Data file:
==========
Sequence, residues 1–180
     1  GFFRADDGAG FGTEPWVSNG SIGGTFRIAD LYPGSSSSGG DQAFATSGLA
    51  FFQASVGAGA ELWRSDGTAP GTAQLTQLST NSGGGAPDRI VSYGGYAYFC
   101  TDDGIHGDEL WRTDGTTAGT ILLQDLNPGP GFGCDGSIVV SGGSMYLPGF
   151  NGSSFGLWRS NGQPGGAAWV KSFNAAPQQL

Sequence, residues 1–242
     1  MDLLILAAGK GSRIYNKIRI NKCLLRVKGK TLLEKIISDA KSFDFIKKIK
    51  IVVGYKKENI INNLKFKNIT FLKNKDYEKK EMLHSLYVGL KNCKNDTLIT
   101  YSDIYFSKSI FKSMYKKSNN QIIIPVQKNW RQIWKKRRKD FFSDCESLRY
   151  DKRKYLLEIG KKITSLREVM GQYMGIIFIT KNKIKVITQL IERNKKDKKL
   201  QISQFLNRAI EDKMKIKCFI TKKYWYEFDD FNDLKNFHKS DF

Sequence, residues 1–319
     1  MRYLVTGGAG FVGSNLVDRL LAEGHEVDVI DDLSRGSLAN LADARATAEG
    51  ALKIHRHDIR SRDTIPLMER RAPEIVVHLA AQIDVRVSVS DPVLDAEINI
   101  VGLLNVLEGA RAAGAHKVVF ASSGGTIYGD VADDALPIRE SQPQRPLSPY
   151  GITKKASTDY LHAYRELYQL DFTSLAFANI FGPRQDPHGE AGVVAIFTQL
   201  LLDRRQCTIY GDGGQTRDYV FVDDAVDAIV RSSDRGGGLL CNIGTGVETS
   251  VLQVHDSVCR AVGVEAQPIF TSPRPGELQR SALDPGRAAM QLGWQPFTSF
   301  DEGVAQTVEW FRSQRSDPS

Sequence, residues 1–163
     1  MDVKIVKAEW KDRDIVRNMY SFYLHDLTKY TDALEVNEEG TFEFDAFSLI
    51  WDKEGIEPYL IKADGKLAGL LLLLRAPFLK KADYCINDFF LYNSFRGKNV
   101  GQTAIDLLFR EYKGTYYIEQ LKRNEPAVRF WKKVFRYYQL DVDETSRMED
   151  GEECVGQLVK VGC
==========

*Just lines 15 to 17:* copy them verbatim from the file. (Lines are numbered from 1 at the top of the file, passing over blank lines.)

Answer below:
   101  VGLLNVLEGA RAAGAHKVVF ASSGGTIYGD VADDALPIRE SQPQRPLSPY
   151  GITKKASTDY LHAYRELYQL DFTSLAFANI FGPRQDPHGE AGVVAIFTQL
   201  LLDRRQCTIY GDGGQTRDYV FVDDAVDAIV RSSDRGGGLL CNIGTGVETS